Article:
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Hummingbird feathers

Posted by benflower NC -7 (My Page) on
Fri, Sep 12, 08 at 16:58

I know this is REALLY off-the-wall, but I had a hummingbird in my garage and while trying to get him out, I accidentally pulled out a couple of feathers. I am giving my grandaughter a locket for her birthday and thought of trying to find someway to put one of the feathers in the locket for her. (Does anyone have ideas on how I could do this? I have thought about clear nail polish, laminating (though I think that the heat would destroy the feathers,)or some sort of spray sealant.

any ideas will be appreciated.

Thanks


Follow-Up Postings:

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RE: Hummingbird feathers

Most feather art that I've seen involves just securing the pointed end and not the filaments of the feather. My fear would be that the irridescence would be lost if you coat the filaments with any sort of clear liquid - but nail polish would make the most sense.

By the way. What you are proposing is illegal. All parts of migratory birds are illegal to possess - for any reason, regardless of if you sell them or give them as gifts or keep them as keepsakes. Its all about not making any body part as well as a live bird be valuable for any reason. Fines have been handed out for children using found blue jay feathers in school art projects - so if you think you can get away with it, go ahead but the federales don't play nice.


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RE: Hummingbird feathers

My concern and I agree with John
but the bird haveing lost feathers
may be unable to fly and may be in
harms way.I know or hope you did this
by accident but the bird should have been
taken to a vet or a bird sanctuary to be looked
at before being set free.
The Feds are tough on this.

Blueangel


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RE: Hummingbird feathers

Funny cuz I came home from working out of town this week to have my DH and sons announce that 2 hummungbirds were nesting in the garage. Huh? Sure enough there were 2 FEMALES stuck in the garage, frantic to get out, flying against the ceiling, and unable to figure out to fly downward 5 feet to get out open garage door - hmmm, real bird-brains. They had been there all week, occasionally resting on an abandoned Carolina wren nest. DH had thought to hang a feeder inside the garage, thinking that they would like food as they tended their ENORMOUS nest. As soon as we moved the feeder to the garage door opening, it led them to freedom. I recommend this as a way to get a stranded hummer out of your garage, rather than trying to grab or net.

(No worry with Carolina wrens. Apparently their brains are just large enough to figure out how to use the doggy-door, even if the garage door is closed.)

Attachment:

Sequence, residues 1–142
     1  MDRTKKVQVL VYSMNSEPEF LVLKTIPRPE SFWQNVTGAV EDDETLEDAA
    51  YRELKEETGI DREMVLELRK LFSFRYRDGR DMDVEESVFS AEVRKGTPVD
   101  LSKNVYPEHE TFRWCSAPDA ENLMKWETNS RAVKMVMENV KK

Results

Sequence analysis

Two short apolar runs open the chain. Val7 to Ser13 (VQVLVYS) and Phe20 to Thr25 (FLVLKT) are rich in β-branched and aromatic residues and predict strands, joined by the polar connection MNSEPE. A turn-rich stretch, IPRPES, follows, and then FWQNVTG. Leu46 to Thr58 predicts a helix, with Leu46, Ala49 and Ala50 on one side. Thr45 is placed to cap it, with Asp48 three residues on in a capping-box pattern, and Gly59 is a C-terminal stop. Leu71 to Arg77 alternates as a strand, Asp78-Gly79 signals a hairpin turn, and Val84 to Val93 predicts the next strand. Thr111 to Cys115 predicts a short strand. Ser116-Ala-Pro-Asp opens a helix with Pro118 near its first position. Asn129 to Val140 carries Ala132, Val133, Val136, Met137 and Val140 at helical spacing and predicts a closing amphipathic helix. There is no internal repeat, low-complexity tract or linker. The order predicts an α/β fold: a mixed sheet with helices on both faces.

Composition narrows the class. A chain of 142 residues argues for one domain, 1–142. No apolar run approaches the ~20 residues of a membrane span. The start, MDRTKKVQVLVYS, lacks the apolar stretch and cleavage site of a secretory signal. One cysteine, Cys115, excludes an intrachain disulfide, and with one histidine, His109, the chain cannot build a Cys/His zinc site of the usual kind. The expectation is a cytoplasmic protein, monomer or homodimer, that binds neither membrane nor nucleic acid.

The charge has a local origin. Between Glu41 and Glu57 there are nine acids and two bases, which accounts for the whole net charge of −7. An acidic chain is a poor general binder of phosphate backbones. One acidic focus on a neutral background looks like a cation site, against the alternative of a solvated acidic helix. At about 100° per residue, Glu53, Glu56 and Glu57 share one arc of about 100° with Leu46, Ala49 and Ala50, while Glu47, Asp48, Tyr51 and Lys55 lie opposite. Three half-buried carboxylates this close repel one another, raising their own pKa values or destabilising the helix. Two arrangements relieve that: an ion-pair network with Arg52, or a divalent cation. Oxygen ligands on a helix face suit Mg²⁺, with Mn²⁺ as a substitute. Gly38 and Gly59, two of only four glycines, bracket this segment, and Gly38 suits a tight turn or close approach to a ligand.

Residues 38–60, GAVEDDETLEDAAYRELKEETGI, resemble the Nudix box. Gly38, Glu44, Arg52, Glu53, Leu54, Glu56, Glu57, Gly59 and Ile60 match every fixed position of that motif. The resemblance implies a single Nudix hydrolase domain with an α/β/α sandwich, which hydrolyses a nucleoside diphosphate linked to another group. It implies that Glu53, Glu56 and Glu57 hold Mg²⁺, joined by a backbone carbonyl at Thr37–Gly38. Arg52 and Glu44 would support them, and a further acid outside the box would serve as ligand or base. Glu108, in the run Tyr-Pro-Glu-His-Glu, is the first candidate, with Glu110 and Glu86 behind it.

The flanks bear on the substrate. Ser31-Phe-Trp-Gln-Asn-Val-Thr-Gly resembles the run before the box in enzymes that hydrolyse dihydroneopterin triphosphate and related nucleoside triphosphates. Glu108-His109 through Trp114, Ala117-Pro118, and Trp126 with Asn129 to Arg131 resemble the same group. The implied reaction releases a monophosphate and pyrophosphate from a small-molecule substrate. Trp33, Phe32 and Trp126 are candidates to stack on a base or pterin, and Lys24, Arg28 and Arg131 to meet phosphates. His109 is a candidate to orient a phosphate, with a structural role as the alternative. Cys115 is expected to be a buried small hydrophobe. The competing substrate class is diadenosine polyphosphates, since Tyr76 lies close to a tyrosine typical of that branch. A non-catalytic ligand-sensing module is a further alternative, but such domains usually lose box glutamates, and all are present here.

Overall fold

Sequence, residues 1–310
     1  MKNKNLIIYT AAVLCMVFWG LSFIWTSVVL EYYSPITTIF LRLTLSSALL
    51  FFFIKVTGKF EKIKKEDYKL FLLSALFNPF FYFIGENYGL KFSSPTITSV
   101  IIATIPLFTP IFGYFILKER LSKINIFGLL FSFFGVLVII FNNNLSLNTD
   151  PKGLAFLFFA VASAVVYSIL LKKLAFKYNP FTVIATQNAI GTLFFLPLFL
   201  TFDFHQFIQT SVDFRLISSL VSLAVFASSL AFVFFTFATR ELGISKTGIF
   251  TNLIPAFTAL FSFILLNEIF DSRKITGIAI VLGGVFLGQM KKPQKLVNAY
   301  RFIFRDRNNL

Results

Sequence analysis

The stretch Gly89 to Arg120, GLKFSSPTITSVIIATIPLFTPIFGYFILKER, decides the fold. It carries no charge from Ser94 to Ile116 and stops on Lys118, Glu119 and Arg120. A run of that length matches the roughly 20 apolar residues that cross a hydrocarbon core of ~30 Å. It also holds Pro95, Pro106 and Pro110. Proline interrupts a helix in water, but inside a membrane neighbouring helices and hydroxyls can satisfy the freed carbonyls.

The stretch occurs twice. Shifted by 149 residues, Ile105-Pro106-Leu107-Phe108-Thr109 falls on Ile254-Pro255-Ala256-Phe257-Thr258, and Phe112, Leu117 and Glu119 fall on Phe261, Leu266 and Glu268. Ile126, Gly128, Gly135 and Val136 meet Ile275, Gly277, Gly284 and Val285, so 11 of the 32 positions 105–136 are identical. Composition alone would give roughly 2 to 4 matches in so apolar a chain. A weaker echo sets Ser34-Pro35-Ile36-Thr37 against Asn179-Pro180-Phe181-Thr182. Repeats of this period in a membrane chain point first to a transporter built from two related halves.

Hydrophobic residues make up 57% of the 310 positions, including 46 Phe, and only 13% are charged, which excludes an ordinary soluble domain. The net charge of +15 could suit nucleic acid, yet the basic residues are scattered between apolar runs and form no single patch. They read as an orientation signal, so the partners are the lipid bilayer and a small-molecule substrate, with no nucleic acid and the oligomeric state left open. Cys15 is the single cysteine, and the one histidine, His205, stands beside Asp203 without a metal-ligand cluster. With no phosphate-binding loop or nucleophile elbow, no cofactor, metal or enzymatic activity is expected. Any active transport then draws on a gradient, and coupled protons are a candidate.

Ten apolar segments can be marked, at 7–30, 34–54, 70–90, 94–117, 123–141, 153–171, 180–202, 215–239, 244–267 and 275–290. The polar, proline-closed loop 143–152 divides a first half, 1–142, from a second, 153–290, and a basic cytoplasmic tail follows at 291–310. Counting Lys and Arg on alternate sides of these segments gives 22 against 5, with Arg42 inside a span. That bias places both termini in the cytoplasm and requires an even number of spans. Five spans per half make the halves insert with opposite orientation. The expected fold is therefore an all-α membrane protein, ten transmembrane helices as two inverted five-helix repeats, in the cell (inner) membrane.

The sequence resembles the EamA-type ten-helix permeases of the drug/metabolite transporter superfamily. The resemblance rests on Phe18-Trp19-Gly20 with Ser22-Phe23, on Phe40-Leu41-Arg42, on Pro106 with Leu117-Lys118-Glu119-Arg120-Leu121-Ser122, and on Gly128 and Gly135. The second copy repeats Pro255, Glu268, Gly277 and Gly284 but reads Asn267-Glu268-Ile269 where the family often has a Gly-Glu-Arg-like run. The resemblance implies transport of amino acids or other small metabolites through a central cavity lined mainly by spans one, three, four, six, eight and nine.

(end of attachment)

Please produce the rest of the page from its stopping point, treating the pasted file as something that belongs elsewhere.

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RE: Hummingbird feathers

Susan Campbell is our local hummingbird bander and she mentioned on her last visit here that hummingbirds can lose their feathers at will if they think it will help them to escape a predator. Adele


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RE: Hummingbird feathers

Well Brenda, Mike gets the gold star for that move! Hummingbirds perish if they go for a day without food. Their metabolisms are so high they either need total darkness so they can sorta-hibernate or they need light and food. Touchy touchy birds. I've rehabbed them before and they are fascinating once they tame down - very unbird like.


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RE: Hummingbird feathers

I know parrots are capable of purposely loosening their tail feathers if held this way to escape- so it makes sense that other bird species could. It's a simple defense mechanism similar to lizards being able to shed tails.

Brenda, thank heavens you came home and figured out a simple solution! poor little dizzy buggers.

so john- how do they become when they tame down? Sounds fascinating!

Do the federal rules only cover migratory species- ie- if you find a cardinal feather is it asking for trouble to keep it since they don't migrate? I've never given a thought to collecting downed feathers i find, but will certainly be more cautious in the future. I totally understand why the rules are there, to protect birds from poaching- but there should be some sort of 'out' to allow for found feathers. After all, they're a lot more plentiful than what's attached to the bird- they molt 2x a year for most species! And at that point, the bird sure doesn't care.


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RE: Hummingbird feathers

Tammy - they calm down in a few days and get very fixated on you, hovering all around while you mix up their food. If they are injured and cannot fly they sit and chatter at you - but you usually can't set them on your finger because its too big, you have to use a toothpick or skewer so that they can grip. But they get really tame, just unafraid of anything - which is not like any other song bird, everything scares the cr@p out of them! The main problem is their metabolism - its been years since I worked with them, so things may have changed - but they need to eat like so many calories every 30 minutes. If you can't get them to eat you have to cool them down and keep them in the dark so that they will shut down otherwise they exhaust themselves and you'll never get them to recover. Hardly anyone raises orphaned chicks, its next to impossible to get to them in time should something happen to their parents. Most often they are window-banged, minor-damage victims and all they need is peace and quiet away from predators for a day or so before they get released.